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Half of vegetables fail to get top marks in new star labelling system

Post a commentBy RJ Whitehead , 18-Jul-2014

Half of vegetables fail to get top marks in new star labelling system

Not all vegetables available in Australian supermarkets will receive a top nutrition rating once a new health labelling system is rolled out in coming months.

Of the 20 vegetables tested by lobby group AusVeg, just half received a full complement of five stars using the Health Star Rating System calculator, while the remaining 10 only achieved four and a half stars.

Under the system, which will be implemented on a voluntary basis, food and beverages are given a rating between half a star and five stars, based on how healthy they are. The star ratings were designed to be easier to understand than the current nutrition panels, health ministers said when it was devised.

However, vegetables such as celery, lettuce and pumpkin failed to meet the criteria for a full, five-star rating, despite their widely verified health benefits.

Sending the wrong message

We are extremely disappointed that not all vegetables are eligible for a five-star rating under the new front-of-pack labelling system,” said Andrew White of AusVeg.

Science has confirmed the myriad health benefits provided by a vegetable-rich diet, so to exclude some of them from receiving a five-star rating is sending the wrong message to Australian consumers about what they should really put on their plates.”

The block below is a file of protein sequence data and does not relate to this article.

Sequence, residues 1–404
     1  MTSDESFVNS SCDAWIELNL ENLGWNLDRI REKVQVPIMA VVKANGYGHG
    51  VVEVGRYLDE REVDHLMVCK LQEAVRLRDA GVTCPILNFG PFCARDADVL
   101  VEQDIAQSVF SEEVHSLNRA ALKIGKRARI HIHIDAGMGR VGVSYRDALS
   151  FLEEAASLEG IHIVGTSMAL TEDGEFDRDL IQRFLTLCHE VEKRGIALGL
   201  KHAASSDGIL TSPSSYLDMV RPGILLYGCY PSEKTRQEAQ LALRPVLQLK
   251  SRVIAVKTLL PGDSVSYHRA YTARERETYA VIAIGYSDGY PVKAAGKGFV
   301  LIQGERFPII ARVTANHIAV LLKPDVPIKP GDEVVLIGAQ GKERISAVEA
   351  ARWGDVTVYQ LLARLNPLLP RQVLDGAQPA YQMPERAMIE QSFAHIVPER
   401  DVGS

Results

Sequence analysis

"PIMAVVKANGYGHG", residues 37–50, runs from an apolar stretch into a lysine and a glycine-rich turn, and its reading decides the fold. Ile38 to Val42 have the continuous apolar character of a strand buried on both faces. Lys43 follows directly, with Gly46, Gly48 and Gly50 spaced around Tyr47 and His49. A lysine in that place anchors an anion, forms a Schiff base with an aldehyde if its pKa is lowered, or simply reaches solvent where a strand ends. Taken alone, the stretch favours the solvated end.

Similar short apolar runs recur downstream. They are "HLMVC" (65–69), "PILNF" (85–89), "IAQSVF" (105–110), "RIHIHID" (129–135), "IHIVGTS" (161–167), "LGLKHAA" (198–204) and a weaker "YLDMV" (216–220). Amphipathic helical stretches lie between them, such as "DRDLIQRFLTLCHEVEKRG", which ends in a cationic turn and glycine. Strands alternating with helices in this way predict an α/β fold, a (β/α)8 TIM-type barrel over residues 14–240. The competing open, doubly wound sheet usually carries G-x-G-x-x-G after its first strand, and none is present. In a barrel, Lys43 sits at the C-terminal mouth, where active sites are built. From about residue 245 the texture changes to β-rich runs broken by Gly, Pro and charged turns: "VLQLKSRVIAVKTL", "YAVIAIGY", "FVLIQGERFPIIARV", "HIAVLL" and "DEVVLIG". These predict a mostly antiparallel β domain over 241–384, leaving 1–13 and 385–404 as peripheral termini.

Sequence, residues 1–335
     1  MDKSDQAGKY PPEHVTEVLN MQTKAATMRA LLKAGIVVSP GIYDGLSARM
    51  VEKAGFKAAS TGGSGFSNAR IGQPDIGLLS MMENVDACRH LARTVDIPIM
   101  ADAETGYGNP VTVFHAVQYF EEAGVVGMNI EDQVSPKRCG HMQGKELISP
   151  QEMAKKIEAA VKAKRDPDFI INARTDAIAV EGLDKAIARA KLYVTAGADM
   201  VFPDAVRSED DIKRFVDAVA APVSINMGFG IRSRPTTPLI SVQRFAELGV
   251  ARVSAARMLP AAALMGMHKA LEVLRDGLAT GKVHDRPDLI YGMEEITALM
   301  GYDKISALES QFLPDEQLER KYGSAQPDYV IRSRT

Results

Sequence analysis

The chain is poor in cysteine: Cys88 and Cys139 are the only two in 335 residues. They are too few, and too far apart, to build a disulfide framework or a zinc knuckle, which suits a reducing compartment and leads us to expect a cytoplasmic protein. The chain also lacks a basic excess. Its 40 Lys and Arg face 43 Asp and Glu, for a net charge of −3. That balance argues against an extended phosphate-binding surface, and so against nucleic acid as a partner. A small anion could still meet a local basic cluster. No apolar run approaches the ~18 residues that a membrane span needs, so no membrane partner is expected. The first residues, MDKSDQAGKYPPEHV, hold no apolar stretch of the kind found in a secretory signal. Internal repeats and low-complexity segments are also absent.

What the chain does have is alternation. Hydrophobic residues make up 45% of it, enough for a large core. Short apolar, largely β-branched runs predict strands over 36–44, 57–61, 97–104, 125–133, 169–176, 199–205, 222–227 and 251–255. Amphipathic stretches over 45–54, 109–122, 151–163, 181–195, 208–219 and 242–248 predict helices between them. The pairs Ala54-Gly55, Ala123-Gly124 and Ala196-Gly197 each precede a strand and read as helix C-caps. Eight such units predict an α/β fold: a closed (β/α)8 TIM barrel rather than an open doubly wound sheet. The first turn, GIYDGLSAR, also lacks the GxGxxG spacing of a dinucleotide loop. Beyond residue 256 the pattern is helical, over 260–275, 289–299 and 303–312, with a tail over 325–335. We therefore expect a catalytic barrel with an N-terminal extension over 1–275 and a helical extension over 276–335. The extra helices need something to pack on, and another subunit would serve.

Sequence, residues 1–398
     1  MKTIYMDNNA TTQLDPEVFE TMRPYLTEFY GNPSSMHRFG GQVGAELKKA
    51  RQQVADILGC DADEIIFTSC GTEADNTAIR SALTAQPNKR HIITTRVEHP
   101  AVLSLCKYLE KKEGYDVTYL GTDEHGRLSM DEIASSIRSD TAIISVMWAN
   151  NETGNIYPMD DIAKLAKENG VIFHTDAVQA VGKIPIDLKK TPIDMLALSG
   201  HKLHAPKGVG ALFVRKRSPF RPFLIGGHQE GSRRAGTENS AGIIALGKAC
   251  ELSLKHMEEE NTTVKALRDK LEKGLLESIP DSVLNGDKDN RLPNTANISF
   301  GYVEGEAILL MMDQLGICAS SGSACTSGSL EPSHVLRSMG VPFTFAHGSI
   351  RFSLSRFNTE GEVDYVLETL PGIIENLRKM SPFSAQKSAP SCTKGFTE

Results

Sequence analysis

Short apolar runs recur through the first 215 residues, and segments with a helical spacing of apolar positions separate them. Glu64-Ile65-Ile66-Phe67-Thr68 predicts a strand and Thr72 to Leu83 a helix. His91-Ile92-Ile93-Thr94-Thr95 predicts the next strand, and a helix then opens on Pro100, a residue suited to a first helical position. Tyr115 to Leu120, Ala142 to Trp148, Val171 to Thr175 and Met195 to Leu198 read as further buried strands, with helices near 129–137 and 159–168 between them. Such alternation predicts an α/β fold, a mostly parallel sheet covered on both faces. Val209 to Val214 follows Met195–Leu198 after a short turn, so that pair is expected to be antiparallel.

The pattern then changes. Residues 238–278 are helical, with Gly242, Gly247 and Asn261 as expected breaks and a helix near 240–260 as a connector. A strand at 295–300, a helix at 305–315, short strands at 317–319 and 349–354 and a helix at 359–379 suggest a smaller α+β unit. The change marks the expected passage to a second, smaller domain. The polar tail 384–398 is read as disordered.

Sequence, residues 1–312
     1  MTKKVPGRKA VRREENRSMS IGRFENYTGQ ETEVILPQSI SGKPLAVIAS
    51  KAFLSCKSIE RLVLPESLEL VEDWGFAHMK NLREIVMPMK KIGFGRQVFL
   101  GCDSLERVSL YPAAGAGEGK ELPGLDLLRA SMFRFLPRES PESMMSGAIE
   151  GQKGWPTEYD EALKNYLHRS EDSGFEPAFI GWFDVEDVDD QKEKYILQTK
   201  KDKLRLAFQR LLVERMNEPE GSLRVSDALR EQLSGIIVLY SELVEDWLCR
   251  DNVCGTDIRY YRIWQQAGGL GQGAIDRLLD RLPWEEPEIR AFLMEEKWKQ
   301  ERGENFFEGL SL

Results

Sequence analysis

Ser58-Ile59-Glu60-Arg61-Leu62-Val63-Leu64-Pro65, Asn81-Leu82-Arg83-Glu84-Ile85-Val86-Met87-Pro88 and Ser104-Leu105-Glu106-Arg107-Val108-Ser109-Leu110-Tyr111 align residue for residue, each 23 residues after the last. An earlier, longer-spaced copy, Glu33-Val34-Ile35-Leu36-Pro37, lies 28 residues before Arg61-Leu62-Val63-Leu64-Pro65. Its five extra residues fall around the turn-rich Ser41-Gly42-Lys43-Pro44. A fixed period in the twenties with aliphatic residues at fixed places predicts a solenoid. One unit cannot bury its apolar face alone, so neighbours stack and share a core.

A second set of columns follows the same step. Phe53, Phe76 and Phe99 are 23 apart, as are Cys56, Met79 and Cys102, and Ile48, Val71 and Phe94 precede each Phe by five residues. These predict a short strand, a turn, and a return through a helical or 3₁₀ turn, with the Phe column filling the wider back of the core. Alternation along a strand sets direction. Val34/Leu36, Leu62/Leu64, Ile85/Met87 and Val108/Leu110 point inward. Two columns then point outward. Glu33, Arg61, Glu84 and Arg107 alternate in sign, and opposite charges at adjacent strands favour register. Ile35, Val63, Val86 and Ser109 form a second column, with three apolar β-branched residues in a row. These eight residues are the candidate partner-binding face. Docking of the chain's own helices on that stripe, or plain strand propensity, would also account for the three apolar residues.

The Health Star Rating System is purportedly designed to make healthy eating choices easier for Australian consumers when purchasing groceries.

“We fail to see how the system would encourage consumers to purchase fresh vegetables when it deems that celery—which provides a mere 64kJ of energy per 100g serving—receives a four-and-a-half-star rating.

Front-of-pack labelling policy should be well thought-out and backed by common sense.”

Missing health benefits

White said the current Percentage of Daily Intake system and the new star system both fail to consider the role of phytonutrients in vegetables, many of which are linked to the prevention of several health conditions and disorders, like cancer.

Research has demonstrated that vegetables are rich in chemicals that can help to fight conditions like cardiovascular disease and cancer. These benefits should be closely considered when developing rating systems for individual vegetables.

With obesity on the rise amongst Australians, it is important that we convey good health messages. Awarding vegetables an automatic five stars would allow consumers to more easily determine what foods are best for them.”

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